oh wait...i did a friendly match.

I just signed up for a tournament too.
it seems i can't unsignup. ah well still learning.


Yeah I went through a lot of silly mistakes at the start too. Great thing is that you can just reset your career in the world once you get the hang of things and start over. In a fast world, things move quickly enough that you don't feel like you've wasted took much time.

Brian Swartz 02-29-2016 02:35 PM

You can un-sign up for practice or other tournaments(just uncheck the box and click Sign Up again). Friendlies start immediately though so you are stuck with those.

Brian Swartz 02-29-2016 02:37 PM

Quote:

Originally Posted by digamma
Anyone thought about hard constraints on Talent when hiring a new youngster?


I'd say at least 4.0 but it really depends on what's available(i.e., the more competition in a world the tougher it is to find quality so you have to change your standards). I always took the approach of finding the best overall young player I could find, then regularly looking for someone better.

Alf 02-29-2016 02:49 PM

Quote:

Originally Posted by Alf (Post 3086490)
Fremont has been fired and I hired a younger promising Belarus guy.

Nikolay Piontkowsky

Name YATStSpMESkSeDC
N. Piontkowsky
14+5%4.32.323.51.70.90.60.343

Given his aging factor, I am hoping for a solid Junior career. He has already won 3 JG5 singles tournament and 2 JG5 doubles tournament.
He is also selected in Belarus U15 Junior team Cup (good idea ?).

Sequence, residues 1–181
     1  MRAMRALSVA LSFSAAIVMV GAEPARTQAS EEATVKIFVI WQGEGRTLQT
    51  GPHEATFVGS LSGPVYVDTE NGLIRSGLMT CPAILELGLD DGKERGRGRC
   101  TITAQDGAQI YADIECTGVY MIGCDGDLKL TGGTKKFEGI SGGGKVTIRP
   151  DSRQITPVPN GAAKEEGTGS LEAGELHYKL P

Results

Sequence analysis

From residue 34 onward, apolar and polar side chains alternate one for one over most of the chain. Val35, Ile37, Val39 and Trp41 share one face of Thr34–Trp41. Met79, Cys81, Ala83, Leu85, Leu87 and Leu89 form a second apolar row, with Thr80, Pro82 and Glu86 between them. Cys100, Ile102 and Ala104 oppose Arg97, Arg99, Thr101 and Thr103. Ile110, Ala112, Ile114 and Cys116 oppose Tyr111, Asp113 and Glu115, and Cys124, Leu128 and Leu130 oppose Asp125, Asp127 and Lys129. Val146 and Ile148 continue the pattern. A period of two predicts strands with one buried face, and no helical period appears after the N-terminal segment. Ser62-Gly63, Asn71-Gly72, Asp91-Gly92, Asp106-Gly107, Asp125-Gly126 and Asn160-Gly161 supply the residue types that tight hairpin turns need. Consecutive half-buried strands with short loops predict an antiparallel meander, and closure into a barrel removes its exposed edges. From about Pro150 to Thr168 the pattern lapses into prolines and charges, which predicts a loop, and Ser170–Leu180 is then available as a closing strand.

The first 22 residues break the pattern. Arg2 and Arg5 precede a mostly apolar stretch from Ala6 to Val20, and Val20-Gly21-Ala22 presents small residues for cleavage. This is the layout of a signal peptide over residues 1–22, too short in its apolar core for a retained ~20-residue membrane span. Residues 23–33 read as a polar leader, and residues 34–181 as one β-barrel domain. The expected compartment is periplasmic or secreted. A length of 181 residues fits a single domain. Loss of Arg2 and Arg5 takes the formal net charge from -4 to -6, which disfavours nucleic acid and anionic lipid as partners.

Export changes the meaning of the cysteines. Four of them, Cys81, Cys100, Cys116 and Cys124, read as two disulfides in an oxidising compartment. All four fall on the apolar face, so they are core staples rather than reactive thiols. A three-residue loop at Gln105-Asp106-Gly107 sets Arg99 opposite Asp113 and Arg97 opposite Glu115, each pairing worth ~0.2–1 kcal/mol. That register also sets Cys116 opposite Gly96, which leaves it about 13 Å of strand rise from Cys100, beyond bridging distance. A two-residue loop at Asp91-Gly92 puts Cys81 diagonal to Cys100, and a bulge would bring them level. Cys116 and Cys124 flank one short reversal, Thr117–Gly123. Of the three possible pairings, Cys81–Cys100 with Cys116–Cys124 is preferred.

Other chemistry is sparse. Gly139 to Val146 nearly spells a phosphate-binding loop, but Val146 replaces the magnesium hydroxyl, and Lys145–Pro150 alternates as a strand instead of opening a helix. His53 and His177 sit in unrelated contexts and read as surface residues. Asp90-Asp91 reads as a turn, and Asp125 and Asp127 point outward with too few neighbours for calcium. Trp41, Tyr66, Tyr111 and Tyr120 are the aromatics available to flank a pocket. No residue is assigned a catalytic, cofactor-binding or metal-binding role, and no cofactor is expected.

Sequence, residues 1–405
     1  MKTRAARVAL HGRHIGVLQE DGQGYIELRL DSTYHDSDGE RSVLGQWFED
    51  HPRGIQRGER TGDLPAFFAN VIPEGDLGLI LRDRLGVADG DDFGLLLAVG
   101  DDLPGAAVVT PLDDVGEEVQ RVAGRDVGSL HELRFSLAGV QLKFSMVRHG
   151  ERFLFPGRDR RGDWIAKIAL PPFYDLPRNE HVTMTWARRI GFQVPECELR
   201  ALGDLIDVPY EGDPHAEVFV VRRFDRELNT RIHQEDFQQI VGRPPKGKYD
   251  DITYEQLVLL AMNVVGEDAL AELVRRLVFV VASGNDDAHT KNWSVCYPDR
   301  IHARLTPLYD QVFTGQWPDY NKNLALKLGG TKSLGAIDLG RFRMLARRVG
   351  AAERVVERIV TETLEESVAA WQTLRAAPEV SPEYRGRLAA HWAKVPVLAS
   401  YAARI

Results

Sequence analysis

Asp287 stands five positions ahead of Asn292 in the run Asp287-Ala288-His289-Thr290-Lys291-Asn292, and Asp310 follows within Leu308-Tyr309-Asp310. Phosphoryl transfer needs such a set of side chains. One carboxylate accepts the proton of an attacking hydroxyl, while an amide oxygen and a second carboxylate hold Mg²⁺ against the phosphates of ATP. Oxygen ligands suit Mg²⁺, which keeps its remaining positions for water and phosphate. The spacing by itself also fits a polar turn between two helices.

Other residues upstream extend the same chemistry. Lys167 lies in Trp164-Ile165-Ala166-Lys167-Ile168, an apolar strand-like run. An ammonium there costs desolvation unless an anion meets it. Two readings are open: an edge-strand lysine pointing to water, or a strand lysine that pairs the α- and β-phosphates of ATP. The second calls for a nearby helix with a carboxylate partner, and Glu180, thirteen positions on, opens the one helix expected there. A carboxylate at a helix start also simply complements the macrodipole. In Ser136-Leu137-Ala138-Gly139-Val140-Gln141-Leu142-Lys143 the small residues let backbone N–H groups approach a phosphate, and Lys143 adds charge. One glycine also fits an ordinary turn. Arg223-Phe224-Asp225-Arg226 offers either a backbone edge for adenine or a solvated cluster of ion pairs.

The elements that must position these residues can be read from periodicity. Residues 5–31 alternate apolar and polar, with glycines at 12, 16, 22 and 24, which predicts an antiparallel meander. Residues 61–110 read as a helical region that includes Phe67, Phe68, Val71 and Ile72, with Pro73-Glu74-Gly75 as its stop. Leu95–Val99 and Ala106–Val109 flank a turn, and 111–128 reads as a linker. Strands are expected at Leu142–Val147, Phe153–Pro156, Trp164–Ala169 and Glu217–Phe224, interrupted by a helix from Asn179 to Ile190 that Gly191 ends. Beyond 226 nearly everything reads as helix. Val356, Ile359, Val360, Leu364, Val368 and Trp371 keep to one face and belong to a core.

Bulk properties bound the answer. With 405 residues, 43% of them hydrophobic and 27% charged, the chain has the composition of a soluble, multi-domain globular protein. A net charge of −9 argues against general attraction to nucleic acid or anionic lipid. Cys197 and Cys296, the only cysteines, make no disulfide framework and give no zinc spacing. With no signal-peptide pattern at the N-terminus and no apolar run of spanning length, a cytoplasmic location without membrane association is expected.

Any comment appreciated

bump as it stuck in page 1 :)

law90026 03-01-2016 09:10 AM

Brian, how accurate roughly do you think your talent evaluation calculation works? I've been fiddling around with it and, assuming a player is able to develop to 5 skill and 4 serve, it seems mentality is a huge part of it. I've done some calculations on some of the 15/16 year olds in world 2 and they come in potentially at 9.79-9.8+ and I'm wondering whether to try developing them instead.

Brian Swartz 03-02-2016 05:57 AM

Well I think the formula works well for a player's strength, but it's definitely not perfect. Generally speaking, surface strengths being equal(they play a significant role), I'll usually win against players who are more than 0.3 weaker, and lose if they are 0.3 stronger. Within that +/- 0.3 things are a lot more iffy, but I've also seen losses against players with a gap as high as 0.6 or 0.7 on occasion. There seems to be a hidden 'hot/cold' thing going on. Take a look at Cestmir Marcek in my dynasty, he just has no business being the world no.4 but he is and had a heck of a year, better than when he actually had higher ratings as a younger player. So it's a 'baseline', and works good as a general guideline, but players are humans and stuff happens :).

The other thing is, a player with high mentality and low athleticism/technical skill does seem to underperform a bit. I think this is basically because they aren't good enough to get into enough 'key points' with a player who is somewhat better in skill but lower mentality; i.e., their clutchness or whatever doesn't come into play. So I'd definitely suggest that it's better to have a player with good athleticism and mentality then it is to have one with average athleticism and great mentality. Balance is best I think.

The final point; you may be incorrect in assuming you can get a 15 or 16-year-old player to 5.0 skill, 4.0 serve. If they've been misused for a year or two a lot of the potential is wasted. If you have a couple examples of these kinds of players I can take a look at them, but usually I might consider a particularly good 15-year-old, at 16 or more I think it would be rare to find one that was very worthwhile.

.02.

Brian Swartz 03-02-2016 06:02 AM

Quote:

Originally Posted by Alf
bump as it stuck in page 1


Good bump, I missed it. First of all, you always want to play things like the JTC if you can for a developing player. They have much better xp than anything else you can do. So absolutely let him play them.

** Athleticism -- peaks at 3.2 str, 2.7 spd. That's solid, not great but not terrible either.